Depending on the type of tires you have and road conditions you drive in you might want to replace your tires at 5/32″. For winter tires, or if you drive in wet conditions this could be a good point to consider replacing your tires. For standard tires, it’s generally recommended to consider replacing them when they reach around 4/32″.

As tread depth wears down, your tires become less effective at gripping the road, especially in wet or slippery conditions, increasing the risk of accidents. Regularly monitoring your treads depth and considering factors like your driving habits and local weather conditions can help you make an informed decision about when to replace your tires.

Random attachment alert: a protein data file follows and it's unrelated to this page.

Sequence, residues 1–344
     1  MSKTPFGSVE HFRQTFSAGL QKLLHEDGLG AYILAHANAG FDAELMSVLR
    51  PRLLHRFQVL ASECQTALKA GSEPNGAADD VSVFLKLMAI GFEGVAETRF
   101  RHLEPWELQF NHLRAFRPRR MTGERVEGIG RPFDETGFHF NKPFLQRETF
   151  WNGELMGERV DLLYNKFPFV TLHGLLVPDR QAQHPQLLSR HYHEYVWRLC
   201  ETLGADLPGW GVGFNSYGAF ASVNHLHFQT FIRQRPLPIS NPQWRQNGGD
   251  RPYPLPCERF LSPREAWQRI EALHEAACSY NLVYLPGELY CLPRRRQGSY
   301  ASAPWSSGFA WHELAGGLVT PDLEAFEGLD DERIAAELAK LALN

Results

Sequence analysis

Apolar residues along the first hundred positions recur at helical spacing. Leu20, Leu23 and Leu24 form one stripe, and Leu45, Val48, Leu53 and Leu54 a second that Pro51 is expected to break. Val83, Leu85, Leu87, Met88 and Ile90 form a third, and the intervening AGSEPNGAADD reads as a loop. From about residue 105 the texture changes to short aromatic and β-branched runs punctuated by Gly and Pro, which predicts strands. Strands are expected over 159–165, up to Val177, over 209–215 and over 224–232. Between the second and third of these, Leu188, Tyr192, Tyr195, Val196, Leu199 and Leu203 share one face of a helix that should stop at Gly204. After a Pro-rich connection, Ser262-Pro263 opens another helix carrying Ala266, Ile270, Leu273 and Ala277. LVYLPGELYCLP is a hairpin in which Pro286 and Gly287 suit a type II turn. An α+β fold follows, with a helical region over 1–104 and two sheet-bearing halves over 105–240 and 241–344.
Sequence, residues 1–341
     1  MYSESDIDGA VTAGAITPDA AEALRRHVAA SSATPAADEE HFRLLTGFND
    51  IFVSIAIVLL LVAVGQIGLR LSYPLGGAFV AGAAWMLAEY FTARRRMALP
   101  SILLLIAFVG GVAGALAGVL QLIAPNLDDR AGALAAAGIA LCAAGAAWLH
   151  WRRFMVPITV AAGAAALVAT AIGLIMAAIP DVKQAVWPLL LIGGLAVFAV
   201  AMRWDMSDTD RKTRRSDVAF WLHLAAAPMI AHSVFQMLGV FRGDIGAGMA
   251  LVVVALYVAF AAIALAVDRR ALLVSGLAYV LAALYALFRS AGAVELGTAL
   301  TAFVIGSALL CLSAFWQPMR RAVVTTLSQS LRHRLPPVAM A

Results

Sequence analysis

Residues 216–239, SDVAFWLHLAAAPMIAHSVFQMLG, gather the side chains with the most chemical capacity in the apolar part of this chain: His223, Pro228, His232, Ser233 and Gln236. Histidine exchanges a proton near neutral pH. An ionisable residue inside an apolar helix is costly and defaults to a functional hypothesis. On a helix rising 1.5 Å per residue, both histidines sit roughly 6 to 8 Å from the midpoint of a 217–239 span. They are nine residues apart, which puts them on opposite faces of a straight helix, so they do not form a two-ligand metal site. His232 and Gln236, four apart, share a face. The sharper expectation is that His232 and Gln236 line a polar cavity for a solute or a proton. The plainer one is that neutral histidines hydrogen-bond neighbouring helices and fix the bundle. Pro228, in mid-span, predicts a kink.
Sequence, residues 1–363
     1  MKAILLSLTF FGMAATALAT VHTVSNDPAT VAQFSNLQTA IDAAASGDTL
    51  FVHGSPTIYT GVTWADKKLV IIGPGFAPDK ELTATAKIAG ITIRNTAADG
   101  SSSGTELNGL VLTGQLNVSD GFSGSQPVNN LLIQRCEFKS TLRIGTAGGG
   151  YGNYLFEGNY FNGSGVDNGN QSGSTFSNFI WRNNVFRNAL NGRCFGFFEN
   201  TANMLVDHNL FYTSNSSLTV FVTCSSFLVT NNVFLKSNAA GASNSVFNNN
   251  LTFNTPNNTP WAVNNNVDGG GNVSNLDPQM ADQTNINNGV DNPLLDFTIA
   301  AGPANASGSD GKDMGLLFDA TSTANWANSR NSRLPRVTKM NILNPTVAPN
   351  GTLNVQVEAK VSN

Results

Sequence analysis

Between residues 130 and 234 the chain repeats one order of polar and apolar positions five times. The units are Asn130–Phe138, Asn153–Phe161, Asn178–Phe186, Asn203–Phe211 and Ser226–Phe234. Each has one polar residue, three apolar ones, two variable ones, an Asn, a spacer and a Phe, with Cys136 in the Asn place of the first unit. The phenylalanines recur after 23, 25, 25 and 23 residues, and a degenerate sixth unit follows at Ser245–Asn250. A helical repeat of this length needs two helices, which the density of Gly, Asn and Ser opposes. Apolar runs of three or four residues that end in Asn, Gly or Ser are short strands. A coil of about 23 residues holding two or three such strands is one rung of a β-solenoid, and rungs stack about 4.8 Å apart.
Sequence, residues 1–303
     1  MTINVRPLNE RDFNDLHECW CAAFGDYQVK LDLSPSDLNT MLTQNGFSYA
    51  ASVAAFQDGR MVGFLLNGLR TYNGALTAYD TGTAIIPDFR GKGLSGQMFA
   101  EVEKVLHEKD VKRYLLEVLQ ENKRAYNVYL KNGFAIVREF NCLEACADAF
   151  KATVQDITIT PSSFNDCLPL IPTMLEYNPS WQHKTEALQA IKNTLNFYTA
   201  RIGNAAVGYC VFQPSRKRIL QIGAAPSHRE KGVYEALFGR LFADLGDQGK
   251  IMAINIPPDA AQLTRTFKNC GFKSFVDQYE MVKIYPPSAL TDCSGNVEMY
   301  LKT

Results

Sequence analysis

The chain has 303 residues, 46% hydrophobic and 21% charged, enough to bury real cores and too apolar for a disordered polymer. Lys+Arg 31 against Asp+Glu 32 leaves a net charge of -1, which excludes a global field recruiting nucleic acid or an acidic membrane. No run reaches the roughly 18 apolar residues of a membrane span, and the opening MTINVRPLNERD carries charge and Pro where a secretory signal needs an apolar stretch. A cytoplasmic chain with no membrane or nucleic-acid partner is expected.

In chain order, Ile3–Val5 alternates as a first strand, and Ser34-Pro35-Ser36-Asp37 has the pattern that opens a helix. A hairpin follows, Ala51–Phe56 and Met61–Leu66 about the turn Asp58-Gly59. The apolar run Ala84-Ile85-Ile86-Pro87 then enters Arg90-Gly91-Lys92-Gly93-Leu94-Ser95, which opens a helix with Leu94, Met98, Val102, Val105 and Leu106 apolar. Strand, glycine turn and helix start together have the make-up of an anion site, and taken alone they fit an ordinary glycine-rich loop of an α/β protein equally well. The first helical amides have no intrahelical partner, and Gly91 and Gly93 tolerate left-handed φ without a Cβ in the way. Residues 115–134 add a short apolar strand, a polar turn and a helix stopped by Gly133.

How do I know my tire tread depth?

You can check your tire tread depth with a specialist gauge, using the treadwear indicator bars on your tires, or even with a penny or quarter. You can find a gauge at most auto parts stores for a few bucks. Alternatively, you can stick a penny or quarter into the tread grooves. With the penny tire test, if you can see all of Lincoln’s head you have less than 2/32″ and you should replace your tires right away. With a quarter, if you see all of Washington’s head you have 4/32″ or less and you might want to think about replacing your tires. Finally, you can look at the built-in wear bars to see how much tread you have left.